austin_dern (austin_dern) wrote,

Can it be the breeze

It's remarkable what odd things will trigger a desire to do something hugely impractical. For me, it was realizing only near the end of the song that my old-time radio station was playing a Stan Freberg tune (``Wunnerful, Wunnerful''). Partly that's because at ``work'' the radio is supposed to be a background sound. Mostly it's because this was in a block they call ``Radio Now And Then'', which plays various short disconnected segments of audio, some of it great --- old-time radio --- and some of it agonizing --- the only thing worse than modern Morning Zoo Antifunny Wacky songs making fun of Iran is thirty year old Morning Zoo Antifunny Wacky songs making fun of Iran --- and this block made me realize how unsatisfied I am with the old-time comedy available.

My preferred station has 45 minutes of comedy scheduled in its eight-hour program day, Jack Benny And friends featuring the master show and miscellaneous related programs and then Lum And Abner. Often it gives another hour, sometimes a fresh Jack Benny and friends, or Lum and Abner; usually once a week there's Bob and Ray and then Vic and Sade, and fairly often Fibber McGee and Molly. Friday mornings they pull in strange radio versions of BBC shows like Fawlty Towers or To The Manor Born which seem to just be the audio feeds of these shows with narration dropped on top to explain things that were visual jokes. (For Fawlty Towers it's done by the guy who played Manuel, in-character but sounding like he recorded this three decades later maybe without seeing the show.)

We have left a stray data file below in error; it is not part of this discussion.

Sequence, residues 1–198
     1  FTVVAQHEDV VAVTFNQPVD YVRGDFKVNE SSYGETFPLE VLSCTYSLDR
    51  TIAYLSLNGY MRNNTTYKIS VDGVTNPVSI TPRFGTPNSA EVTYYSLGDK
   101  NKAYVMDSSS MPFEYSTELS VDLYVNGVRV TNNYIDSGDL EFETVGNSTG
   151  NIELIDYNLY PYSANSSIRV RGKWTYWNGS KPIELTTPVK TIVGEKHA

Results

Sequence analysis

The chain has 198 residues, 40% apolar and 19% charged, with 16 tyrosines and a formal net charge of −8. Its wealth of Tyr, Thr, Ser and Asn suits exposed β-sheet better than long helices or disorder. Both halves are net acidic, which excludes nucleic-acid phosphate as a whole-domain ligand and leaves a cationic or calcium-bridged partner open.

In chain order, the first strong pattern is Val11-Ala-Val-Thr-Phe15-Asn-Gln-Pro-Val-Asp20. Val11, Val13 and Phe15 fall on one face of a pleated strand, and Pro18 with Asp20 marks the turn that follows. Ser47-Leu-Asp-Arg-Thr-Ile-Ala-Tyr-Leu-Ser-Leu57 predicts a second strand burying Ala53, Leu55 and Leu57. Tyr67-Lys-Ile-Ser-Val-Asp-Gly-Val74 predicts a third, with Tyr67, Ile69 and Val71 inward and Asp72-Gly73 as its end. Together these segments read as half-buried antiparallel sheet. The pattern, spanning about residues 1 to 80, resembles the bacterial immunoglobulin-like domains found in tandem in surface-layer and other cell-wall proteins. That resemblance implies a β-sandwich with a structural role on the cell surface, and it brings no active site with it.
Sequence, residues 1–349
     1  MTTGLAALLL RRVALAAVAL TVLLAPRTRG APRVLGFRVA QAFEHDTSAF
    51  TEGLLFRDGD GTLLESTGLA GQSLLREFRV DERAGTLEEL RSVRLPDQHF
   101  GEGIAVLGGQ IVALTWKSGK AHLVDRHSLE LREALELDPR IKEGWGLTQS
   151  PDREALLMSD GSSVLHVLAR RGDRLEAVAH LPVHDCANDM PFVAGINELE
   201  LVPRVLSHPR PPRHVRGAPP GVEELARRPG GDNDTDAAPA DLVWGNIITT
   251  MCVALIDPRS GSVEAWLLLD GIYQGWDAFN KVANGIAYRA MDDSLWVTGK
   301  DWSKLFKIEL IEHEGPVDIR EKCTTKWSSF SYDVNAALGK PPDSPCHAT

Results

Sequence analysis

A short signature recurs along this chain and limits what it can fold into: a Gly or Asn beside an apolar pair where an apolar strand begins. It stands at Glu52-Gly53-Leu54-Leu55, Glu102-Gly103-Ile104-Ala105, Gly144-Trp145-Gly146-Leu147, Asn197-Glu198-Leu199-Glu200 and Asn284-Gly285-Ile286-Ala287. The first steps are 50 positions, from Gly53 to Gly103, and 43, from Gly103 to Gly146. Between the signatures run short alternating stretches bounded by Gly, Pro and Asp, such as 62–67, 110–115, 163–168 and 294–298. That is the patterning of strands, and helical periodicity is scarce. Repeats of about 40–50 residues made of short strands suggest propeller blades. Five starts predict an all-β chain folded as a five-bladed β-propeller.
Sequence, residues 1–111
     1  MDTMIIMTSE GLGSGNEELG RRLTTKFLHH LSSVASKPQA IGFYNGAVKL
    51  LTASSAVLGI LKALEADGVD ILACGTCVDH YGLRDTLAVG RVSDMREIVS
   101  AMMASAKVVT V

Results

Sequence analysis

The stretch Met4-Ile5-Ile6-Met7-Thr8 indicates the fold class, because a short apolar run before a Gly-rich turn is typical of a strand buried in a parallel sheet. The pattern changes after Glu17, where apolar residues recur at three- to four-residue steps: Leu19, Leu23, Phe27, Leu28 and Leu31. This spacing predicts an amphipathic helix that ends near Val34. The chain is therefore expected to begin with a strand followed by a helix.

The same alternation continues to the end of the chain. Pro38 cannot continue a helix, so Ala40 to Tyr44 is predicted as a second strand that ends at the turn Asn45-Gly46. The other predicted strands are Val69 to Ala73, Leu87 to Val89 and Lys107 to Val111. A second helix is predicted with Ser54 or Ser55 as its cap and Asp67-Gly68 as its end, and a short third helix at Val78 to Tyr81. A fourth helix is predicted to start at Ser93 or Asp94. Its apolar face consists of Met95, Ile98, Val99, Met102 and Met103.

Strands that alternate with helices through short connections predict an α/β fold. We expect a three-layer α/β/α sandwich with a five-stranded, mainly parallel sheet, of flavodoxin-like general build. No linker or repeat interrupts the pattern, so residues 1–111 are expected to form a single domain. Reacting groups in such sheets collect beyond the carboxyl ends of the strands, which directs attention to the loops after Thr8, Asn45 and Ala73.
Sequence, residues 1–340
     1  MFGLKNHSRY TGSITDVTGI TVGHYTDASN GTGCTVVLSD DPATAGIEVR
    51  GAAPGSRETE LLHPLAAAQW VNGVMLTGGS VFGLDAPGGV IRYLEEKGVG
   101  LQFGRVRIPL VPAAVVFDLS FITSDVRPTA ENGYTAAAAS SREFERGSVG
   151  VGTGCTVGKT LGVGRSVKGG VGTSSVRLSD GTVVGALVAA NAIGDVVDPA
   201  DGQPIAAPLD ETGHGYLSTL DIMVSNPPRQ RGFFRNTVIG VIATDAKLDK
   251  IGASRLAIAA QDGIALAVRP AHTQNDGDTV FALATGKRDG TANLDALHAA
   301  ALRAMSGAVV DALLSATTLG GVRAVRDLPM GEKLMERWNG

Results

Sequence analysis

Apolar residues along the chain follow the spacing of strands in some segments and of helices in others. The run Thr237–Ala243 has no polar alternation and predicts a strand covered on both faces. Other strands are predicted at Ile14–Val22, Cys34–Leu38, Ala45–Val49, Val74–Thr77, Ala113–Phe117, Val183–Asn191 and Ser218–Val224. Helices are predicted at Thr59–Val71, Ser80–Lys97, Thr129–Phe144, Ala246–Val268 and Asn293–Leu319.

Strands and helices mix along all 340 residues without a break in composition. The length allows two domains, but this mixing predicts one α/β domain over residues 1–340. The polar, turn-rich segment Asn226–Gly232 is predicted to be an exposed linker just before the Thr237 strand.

And I realize it's not enough. Even if we stick to the pitiful remnants of the Golden Age of Radio (eg, only about 600 shows of Jack Benny's long radio run survive) which were recorded and are now public domain somehow, there's a lot of comedy out there, and often fantastic at that. But in my none-too-careful search mostly of what's rated inclusion on iTunes, there doesn't seem to be an old-time comedy station. Drama, sure, and mystery or crime, but shouldn't there be an easy way to catch The Jack Carson Show, Burns and Allen, or, say, The Stan Freberg Show? It's given me vague aspirations to making my own Internet radio station, and I know rationally that's way too much work for me to ever do.

Trivia: In real life, Jack Benny never wore a toupee. Source: On The Air: The Encyclopedia Of Old-Time Radio, John Dunning.

Currently Reading: The Emperors Of Chocolate: Inside The Secret World Of Hershey And Mars, Joël Glenn Brenner. Man, chocolate makers are weird people.


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